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How to Avoid a Cross-Cultural Blunder

If you have caught the international news recently, you may understand why it is an exciting time to be in Burkina Faso. On 21 October 2014 the Burkinabégovernment agreed to send a controversial bill to the National Assembly. One week laterhundreds of thousands of Burkinabé took a stand against this proposed change because a modification to one paragraph in the Constitution would have allowed for the possibility to extend the 27-year reign of Present Blaise Compaoré by up to 15 more years. By October 31th, the popular uprising grew so strong that Compaoré stepped down [1]. The entire nation is now waiting to see what the future holds.

As I watched these historic events unfold I was struck by moments in which the Burkinabétransformed everyday objects into powerful messages of discontent or solidarity. Women staged a demonstration in the capital, holding spatulas in their hands – a sign of defiance [2]. A day after the burning of the National Assembly Building protesters took to the streets with brooms to literally clean up the mess that had been created – a sign of national solidarity and pride [3].

A spatula. A broom.

No longer household objects – but part of a revolution. 

These are reminders of the power of symbolism. A reminder to those of us involved in international business that meaning, culture, and power are tightly intertwined. 

Working in a global context requires diligent consideration of the role of culture; therein lies the potential for multiple interpretations of a symbol, a message or an initiative. You don´t need to look far for examples in international business where a lack of awareness resulted in heavy business loss. Authors Kardes, Cronley and Cline illustrate in their book, Consumer Behavior,a company´s failure to consider a soft drink´s six-pointed star label as a pro-Israeli symbol. This oversight resulted in a refusal to buy this product within the Arab market. You can also Google “cross-cultural marketing blunders” and stumble upon examples of expensive mistakes with embarrassing outcomes.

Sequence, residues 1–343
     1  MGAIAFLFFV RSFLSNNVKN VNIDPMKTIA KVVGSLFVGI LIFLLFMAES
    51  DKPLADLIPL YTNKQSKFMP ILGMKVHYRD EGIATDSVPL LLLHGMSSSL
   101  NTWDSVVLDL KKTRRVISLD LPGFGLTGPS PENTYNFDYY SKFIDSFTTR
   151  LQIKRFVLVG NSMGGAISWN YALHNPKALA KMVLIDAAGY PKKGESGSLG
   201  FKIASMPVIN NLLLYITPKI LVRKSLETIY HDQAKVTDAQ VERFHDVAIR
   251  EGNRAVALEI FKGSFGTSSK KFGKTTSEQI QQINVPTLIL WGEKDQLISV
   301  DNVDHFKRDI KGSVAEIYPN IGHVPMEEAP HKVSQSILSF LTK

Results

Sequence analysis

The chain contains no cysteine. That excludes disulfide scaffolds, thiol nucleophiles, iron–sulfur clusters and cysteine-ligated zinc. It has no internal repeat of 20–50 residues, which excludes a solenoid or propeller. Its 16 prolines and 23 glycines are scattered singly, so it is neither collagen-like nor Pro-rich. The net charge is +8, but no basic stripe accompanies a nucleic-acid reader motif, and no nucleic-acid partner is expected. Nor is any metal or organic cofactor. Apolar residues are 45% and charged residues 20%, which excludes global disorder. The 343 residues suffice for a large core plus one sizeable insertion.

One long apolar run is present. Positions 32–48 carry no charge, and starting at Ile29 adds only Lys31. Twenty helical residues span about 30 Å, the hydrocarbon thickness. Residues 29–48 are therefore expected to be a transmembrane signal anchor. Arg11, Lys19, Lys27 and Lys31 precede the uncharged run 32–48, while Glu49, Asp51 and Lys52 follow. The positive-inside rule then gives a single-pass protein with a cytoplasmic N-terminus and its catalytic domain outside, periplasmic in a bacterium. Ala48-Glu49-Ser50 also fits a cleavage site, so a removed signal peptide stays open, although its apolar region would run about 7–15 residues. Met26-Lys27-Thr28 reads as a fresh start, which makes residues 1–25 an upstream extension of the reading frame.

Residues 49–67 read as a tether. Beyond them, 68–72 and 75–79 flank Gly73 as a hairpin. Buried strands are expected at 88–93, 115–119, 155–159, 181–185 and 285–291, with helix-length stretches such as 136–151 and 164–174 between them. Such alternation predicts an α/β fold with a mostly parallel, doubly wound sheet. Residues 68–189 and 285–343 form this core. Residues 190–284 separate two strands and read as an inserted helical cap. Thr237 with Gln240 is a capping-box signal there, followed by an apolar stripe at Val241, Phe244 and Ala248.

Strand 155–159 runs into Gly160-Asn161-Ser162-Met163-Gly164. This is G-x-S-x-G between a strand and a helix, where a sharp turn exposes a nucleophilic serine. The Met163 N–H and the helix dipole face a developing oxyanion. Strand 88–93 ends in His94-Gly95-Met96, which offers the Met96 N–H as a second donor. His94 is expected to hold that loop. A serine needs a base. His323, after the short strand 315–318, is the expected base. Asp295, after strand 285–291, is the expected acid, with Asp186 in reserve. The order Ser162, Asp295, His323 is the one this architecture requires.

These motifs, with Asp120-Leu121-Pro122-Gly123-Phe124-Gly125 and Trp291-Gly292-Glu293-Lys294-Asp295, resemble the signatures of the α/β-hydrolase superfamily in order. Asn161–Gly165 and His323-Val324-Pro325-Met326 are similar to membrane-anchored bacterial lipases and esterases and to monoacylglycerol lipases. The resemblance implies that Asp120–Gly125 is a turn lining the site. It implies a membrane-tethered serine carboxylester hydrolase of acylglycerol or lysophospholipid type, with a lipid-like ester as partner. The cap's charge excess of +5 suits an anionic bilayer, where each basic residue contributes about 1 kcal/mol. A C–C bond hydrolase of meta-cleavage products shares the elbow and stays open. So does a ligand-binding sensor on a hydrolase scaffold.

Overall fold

Humans are essentially meaning-making creatures, and culture heavily guides the meaning placed on symbols, events and communication. Charles E. Osgood´s research [4] has helped us understand how we respond to such symbols:

  • Is it “good” or “bad”?
  • Is the reaction strong or weak?
  • Is there a drive to take action or be passive?

The answers to these questions are contingent on culture and determine whether, for example, PR, advertising or a new product is accepted wholeheartedly or completely rejected. Don´t leave the meaning of your messages up to chance. Here is how you can avoid expensive mistakes—and work toward more universally resonant messages:

1. Invest in cultural awareness: 

Train your people to apply cultural awareness and sensitivity in their role.

2. Mindfully ensure there is cultural diversity among participants for projects which are centered on meaning making:

 Integrate opinions from multiple regions or from individuals with diverse perspectives early on. Not only will this help you avoid costly mistakes down the road, feedback from a diverse group of individuals will allow you to see how the message resonates differently among the group. Keep these key stakeholders involved intermittently throughout the process. If you are part of an organization with no such formalized process, do it anyway using your informal network. It may be as simple as a ten-minute “check in” call with a colleague from another region.

You dramatically reduce your chances of making a major cross-cultural blunder and increase your likelihood of success by being diligent in your awareness of the power of a symbol and how culture drives the meanings that get made of our messages.  

Join me in the comments section of my blog and share a real-life example of how a symbol, message or product was (mis)interpreted.

Sundae Schneider-Beanis a consultant for intercultures, based in Ouagadougou, Burkina Faso (West Africa). Sundae helps individuals meet their toughest intercultural challenges with clarity, strength and wisdom. She supports organizations committed to building globally-skilled human capital. To learn more about these issues, check out her publications on http://sundaebean.com

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The above article was included in our MONTH YEAR Quarterly intercultures E-Newsletter.

Photo Credit Title Photo: TBD

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